[foaf-dev] beyond foaf:mbox_sha1sum

Dan Brickley danbri at danbri.org
Sat Dec 19 15:42:54 CET 2009

Time to gently retire it?

We introduced it as an alternative to making our email addresses
completely public; however it drifted into use as an alternative to
them being fully private.

The main advantage it has over URIs for people, weblogs, homepages,
openids etc is that it can be used to match up against people
information where the only identifier is an email address (mailing
lists, folders etc.). While this can be pretty useful in some
contexts, it doesn't justify encouraging social network sites to
expose it publically for each user. These days, mechanisms like OAuth
allow downstream apps to negotiate (with user permission) access to
closed data like full email addresses. OpenID AX, FOAF+SSL, XMPP and
other mechanism are also promising. I think hashed mailboxes may serve
some role in those contexts, where we might semi-trust some unknown
app but might want an extra layer of obfuscation. However it is very
difficult to communicate the risks and issues to non-technical users;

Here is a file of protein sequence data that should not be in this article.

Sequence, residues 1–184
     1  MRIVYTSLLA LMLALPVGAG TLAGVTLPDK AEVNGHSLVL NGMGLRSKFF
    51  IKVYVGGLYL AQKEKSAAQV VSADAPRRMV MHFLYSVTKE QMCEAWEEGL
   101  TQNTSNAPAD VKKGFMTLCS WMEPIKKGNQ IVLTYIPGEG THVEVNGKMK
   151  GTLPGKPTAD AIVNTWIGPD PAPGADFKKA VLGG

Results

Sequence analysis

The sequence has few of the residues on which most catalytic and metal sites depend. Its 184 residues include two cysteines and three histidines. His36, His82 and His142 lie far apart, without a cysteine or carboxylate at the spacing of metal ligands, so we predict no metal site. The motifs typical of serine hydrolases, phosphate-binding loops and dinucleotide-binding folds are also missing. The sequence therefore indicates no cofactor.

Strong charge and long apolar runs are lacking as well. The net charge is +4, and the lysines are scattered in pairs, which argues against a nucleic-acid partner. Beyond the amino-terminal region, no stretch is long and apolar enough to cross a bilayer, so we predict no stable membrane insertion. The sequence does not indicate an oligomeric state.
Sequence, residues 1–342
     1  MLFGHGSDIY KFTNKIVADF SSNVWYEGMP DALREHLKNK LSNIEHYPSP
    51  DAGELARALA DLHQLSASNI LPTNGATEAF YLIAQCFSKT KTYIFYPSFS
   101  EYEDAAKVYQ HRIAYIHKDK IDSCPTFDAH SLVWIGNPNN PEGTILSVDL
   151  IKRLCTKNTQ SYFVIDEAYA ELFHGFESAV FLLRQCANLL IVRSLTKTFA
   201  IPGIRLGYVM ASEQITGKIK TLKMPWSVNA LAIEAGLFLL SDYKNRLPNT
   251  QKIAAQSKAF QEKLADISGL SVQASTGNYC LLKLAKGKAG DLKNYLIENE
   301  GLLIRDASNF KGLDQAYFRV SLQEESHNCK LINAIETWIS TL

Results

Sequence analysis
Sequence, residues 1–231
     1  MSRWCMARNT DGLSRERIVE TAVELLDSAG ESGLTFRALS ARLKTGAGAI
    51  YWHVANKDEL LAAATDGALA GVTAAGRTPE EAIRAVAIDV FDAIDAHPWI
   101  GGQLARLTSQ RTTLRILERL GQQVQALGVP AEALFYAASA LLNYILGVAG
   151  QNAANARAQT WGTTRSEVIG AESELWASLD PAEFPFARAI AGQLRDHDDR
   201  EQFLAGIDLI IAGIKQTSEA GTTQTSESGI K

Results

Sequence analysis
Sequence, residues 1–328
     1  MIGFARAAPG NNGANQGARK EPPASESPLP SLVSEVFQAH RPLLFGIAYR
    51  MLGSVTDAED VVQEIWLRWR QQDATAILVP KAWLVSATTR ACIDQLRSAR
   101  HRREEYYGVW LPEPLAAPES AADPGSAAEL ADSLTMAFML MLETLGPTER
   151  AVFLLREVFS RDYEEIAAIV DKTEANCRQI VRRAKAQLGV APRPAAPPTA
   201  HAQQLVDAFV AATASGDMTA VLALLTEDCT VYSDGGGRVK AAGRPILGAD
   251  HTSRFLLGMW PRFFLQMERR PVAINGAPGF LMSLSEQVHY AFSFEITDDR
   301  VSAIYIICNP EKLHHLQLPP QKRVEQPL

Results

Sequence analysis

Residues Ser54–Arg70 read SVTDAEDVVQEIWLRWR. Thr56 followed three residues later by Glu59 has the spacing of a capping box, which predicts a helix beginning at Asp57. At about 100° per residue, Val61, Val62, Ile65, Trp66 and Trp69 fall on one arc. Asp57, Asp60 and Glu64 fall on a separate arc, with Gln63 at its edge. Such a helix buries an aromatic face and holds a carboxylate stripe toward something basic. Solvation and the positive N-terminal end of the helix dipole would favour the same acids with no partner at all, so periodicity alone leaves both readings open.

eg. by explaining the nature of sha1 hashes, rainbox tables
(http://en.wikipedia.org/wiki/Rainbow_table), or the probabilities
associated with dictionary attacks using common names / syntax and
domain names. Email addresses are concentrated these days on a number
of domains (google mail; hotmail etc), and it's a mistake to think of
mbox_sha1sum as any kind of strong protection.

Thoughts on ways forward?

1. mark foaf:mbox_sha1sum as archaic
2. rewrite http://xmlns.com/foaf/spec/#term_mbox_sha1sum to more
clearly emphasise the risks, and that decision to publish shouldn't be
made for others
3. perhaps remove the owl:InverseFunctionalProperty typing (this will
help with OWL DL compatibility too)
4. encourage data publishers to assign URIs to account holders
directly, to indicate openID URIs and other identifying properties as
users permit



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